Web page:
As you well know already we like MARK Magazine, and this issue fails to disappoint. It has projects from many of the architects we have featured here on ArchDaily such as, StudioGreenBlue, Heri&Salli, Clavel Arquitectos, Kengo Kuma, Colboc Franzen, Studio Velocity, Takeshi Hosaka, Fuhrimann Hachler, Toyo Ito, Nieto Sobejano, L3P Architekten, and more. The notice board gives a shout out to the Keret House by Centrala, which was one of our most viewed projects this year. (more…)
If you haven’t finished all your holiday shopping, and you need something for someone who loves both architecture and London then we might have the right gift for you. We recently received Matteo Pericoli’s London Unfurled. This accordion-style book folds out to a length of 25-feet with elevations of London on both sides of the Thames. The book is accompanied with an essay on the north side of the Thames by Iain Sinclair, one on the south by Will Self, and an afterword by Matteo Pericoli.
Thom Mayne recently sent us his latest book, Combinatory Urbanism: The Complex Behavior of Collective Form. MIT Professor of Urban Design and Landscape Architecture, Alan Berger, hails this book as “nothing short of a tour de force and should be required reading for landscape urbanists and landscape architects. Students and general audiences of design and planning will find it difficult to go back into their disciplinary silos.” The twelve projects featured in this book “were generated over a ten-year period. They are assembled here for the first time as a single collection of our urban work. Ranging from sixteen acres–the World Trade Center–to fifty-two thousand acres–the New New Orleans Urban Redevelopment–these proposals are situated on different parts of the architecture-to-urban-design-scale continuum. Each project inhabits an ambiguous in-between territory in which physical scale exceeds architecture but the manifestation still requires architectural qualities in order to make sense in its context.”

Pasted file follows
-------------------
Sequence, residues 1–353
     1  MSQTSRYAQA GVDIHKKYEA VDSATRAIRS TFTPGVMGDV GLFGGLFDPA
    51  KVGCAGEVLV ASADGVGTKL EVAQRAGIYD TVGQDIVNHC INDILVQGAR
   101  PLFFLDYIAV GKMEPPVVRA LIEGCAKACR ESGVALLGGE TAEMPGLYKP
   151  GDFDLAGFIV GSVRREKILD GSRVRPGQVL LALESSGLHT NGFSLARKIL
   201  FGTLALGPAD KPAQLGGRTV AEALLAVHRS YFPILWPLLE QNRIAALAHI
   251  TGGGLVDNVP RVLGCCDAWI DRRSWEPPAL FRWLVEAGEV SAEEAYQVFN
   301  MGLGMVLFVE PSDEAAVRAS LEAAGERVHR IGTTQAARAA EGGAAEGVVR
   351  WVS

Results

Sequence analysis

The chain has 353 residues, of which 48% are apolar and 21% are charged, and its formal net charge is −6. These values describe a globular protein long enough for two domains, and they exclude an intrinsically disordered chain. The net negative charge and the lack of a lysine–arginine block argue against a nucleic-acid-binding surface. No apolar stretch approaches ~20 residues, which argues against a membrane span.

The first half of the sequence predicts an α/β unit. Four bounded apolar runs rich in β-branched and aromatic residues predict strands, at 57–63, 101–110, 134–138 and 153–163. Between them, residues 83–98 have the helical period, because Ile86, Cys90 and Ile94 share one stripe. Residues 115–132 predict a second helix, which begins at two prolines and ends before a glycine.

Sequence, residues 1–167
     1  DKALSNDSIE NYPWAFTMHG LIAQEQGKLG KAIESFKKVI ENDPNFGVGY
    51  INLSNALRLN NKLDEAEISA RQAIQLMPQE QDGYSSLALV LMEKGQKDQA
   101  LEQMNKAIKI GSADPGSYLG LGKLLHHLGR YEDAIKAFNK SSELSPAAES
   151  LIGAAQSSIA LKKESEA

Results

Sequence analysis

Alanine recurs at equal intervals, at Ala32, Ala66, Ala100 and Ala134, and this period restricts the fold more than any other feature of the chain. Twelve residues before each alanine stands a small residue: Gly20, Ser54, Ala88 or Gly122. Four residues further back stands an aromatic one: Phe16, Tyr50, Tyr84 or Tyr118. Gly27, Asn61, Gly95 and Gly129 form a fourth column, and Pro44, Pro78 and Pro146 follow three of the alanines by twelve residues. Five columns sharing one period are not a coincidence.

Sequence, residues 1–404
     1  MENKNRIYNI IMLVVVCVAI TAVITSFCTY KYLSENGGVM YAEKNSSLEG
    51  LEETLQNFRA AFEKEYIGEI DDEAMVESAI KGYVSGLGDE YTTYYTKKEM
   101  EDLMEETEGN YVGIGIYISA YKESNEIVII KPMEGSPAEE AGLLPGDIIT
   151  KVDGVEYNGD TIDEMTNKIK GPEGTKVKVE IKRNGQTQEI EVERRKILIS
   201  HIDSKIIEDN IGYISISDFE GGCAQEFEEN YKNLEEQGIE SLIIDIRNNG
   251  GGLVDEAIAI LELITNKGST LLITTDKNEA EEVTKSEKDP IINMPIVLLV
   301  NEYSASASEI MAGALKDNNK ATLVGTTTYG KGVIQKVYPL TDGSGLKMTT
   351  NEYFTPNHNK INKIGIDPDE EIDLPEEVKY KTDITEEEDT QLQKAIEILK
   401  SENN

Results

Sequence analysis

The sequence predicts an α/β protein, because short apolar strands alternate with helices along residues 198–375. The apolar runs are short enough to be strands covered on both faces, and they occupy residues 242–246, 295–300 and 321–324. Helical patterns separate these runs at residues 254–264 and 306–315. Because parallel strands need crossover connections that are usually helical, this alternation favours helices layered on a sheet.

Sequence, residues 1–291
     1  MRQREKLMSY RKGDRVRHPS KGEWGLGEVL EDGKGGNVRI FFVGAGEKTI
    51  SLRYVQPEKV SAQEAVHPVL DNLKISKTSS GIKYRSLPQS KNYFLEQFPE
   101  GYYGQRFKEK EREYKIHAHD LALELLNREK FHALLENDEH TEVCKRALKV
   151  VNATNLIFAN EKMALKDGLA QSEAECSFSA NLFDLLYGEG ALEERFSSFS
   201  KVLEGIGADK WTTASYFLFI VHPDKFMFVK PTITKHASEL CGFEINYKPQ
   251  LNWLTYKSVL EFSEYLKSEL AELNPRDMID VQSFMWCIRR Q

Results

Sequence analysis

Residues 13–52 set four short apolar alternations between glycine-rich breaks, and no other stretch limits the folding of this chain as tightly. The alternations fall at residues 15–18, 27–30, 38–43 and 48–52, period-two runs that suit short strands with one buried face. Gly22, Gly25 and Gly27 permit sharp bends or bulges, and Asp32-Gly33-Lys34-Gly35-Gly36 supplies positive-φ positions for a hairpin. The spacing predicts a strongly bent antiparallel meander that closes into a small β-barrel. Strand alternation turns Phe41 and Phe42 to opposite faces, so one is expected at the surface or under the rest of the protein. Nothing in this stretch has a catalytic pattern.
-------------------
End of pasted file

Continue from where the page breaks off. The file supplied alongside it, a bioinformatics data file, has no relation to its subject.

We recently received a monograph of Cebra’s work. This young firm is energetic, pushes the boundaries, goes after competitions, and has been successful in pushing many projects into reality. We are fan their work and have featured Cebra 16 separate times here on archdaily. Additionally, David Basulto, co-founder of ArchDaily, has become good friends with Mikkel Frost through an email correspondence interview that took place over the 4 months. The interview is prominently featured in the introduction of the book and makes for an interesting read.
We recently received one of the limited editions (n=500) of eVolo Skycrapers. At 1224 pages (9″ x 11.5″ x 2.5″), it is less of a coffee table book than it is an actual table. The book grew out of the 2006 eVolo Skyscraper Competition. “The contest recognizes outstanding ideas that redefine skyscraper design through the implementation of new technologies, materials, programs, aesthetics, and spatial organizations. Studies on globalization, flexibility, adaptability, and the digital revolution are some of the multi-layered elements of the competition. It is an investigation on the public and private space and the role of the individual and the collective in the creation of dynamic and adaptive vertical communities. Over the last six years, an international panel of renowned architects, engineers, and city planners have reviewed more than 4,000 projects submitted from 168 countries around the world. Participants include professional architects and designers, as well as students and artists. This book is the compilation of 300 outstanding projects selected for their innovative concepts that challenge the way we understand architecture and their relationship with the natural and built environments.”